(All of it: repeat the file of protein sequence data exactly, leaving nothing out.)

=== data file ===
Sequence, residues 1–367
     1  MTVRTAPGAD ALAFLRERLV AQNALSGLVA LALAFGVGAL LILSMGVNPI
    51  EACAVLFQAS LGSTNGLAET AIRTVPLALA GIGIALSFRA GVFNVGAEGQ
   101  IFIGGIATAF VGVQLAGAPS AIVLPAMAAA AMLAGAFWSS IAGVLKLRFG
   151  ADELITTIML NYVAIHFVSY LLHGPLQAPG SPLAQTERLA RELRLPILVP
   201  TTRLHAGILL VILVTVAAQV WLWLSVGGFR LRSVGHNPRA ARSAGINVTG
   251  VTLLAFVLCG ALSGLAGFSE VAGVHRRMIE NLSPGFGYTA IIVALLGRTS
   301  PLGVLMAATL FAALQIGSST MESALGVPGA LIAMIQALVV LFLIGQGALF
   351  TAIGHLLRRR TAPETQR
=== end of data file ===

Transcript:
Sequence, residues 1–367
     1  MTVRTAPGAD ALAFLRERLV AQNALSGLVA LALAFGVGAL LILSMGVNPI
    51  EACAVLFQAS LGSTNGLAET AIRTVPLALA GIGIALSFRA GVFNVGAEGQ
   101  IFIGGIATAF VGVQLAGAPS AIVLPAMAAA AMLAGAFWSS IAGVLKLRFG
   151  ADELITTIML NYVAIHFVSY LLHGPLQAPG SPLAQTERLA RELRLPILVP
   201  TTRLHAGILL VILVTVAAQV WLWLSVGGFR LRSVGHNPRA ARSAGINVTG
   251  VTLLAFVLCG ALSGLAGFSE VAGVHRRMIE NLSPGFGYTA IIVALLGRTS
   301  PLGVLMAATL FAALQIGSST MESALGVPGA LIAMIQALVV LFLIGQGALF
   351  TAIGHLLRRR TAPETQR